This week, Politico presented results of polling revolving around the question of whether America should officially become a Christian nation. There is renewed interest in the question because of the prominent Christian nationalist idea in modern political discourse. The results were fascinating. The article broke down the Republican Party by generation and found that the majority of most of the generations felt that America should be a Christian nation. Generation X was the only exception, and just barely so, with 49% agreeing that America should declare itself a Christian nation. Overall, 61% of the Republicans polled agreed with the proposition. Of course, this is not necessarily earth-shattering news. Since the early 1980s, conservative Evangelical Christianity in America has tied itself to the Republican Party as part of a political project to codify Christian moral principles into law.
It is interesting to juxtapose this form of godliness with the actions of Florida Governor Ron DeSantis last week. Supposedly as an object lesson to northern liberal states who do not have to deal with the complexities of southern immigration, DeSantis used government funds to fly 48 Venezuelan immigrants to Martha’s Vineyard without warning. The message was clear—if these northern jurisdictions want to chastise southern states about the issue of immigration, it seems only right to put the problem on their doorstep and see how well they handle it. While many of DeSantis’s critics called it a political stunt (and it is), I can understand the logic of the charade. Some of these states are having legitimate difficulties dealing with the influx of immigrants, so it makes sense to move them to places that supposedly would be better able to address the problem. Even sending the immigrants without warning is consistent with the goals of the object lesson. After all, since immigrants arrive at these borders unannounced, why should Massachusetts get a warning? If the point was for these northern states to get a taste of what the southern border states must deal with, then DeSantis’s plan makes sense. What doesn’t seem to align with the object lesson, or with supposed Christian principles of a Republican Party that wants America to be a Christian nation, is the cruelty shown to the immigrants themselves. It just seems callous to use false promises of jobs and comfort to trick them into boarding these flights. And it also seems unchristian to set up immigration appointments in states all over the country while you fly them to Massachusetts. Teaching northern states a lesson is one thing; harming these people who risked their lives to come to a land of freedom is another.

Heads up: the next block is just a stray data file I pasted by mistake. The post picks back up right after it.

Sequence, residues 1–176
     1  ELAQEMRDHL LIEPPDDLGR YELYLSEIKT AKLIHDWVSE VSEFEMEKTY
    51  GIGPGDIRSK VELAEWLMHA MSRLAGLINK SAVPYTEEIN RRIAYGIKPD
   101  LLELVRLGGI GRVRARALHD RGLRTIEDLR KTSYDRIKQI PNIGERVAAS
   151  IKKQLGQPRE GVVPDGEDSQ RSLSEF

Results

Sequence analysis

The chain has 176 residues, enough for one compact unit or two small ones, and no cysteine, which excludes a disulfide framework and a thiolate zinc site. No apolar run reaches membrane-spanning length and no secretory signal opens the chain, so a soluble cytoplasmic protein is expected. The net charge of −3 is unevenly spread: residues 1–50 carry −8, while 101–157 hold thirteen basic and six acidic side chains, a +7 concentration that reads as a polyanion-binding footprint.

The political party whose adherents believe we should be a Christian nation could do with a reminder of how the Bible says we should treat the foreigner and the stranger:
– “Do not oppress a foreigner; you yourselves know how it feels to be foreigners, because you were foreigners in Egypt.”
– “When a stranger sojourns with you in your land, you shall not do him wrong. You shall treat the stranger who sojourns with you as the native among you, and you shall love him as yourself, for you were strangers in the land of Egypt: I am the Lord your God.”
– “Keep on loving one another as brothers and sisters. Do not forget to show hospitality to strangers for by doing that some have shown hospitality to angels without knowing it.”
– “Cursed be anyone who perverts the justice due to the sojourner, the fatherless, and the widow.”
– “Thus says the Lord of hosts, Render true judgments, show kindness and mercy to one another, do not oppress the widow, the fatherless, the sojourner, or the poor, and let none of you devise evil against another in your heart.”
Finally, there are the words of Jesus himself, who describes those worthy of the kingdom as ones who saw strangers and welcomed them. And those who miss out on the kingdom are those who did not recognize Christ in the face of every stranger they turned away. How odd that the people who say they want this nation to be emblematic of Christ and those who would mislead and reject these strangers are one and the same.
Notes & References:
 The generations were: The Silent Generation, Baby Boomers, Generation X, Millennials, and Generation Z.
 Oddly enough for Governor DeSantis, Florida is not one of those states.
 At this point, it is prudent to note that these are allegations made by the immigrants about how they were treated.
 Ex. 23:9.
 Lev. 19:33–34.
 Heb. 13:1–2.
 Deut. 27:19.
 Zech. 7:9-10.
 Matt. 25:35, 43–45
Jason Hines is a former attorney with a doctorate in Religion, Politics, and Society from the J.M. Dawson Institute of Church-State Studies at Baylor University. He is also an assistant professor at AdventHealth University. He blogs about religious liberty and other issues at www.TheHinesight.Blogspot.com.
Previous Spectrum columns by Jason Hines can be found by clicking here.
Title image: US Customs and Border Protection (public domain)
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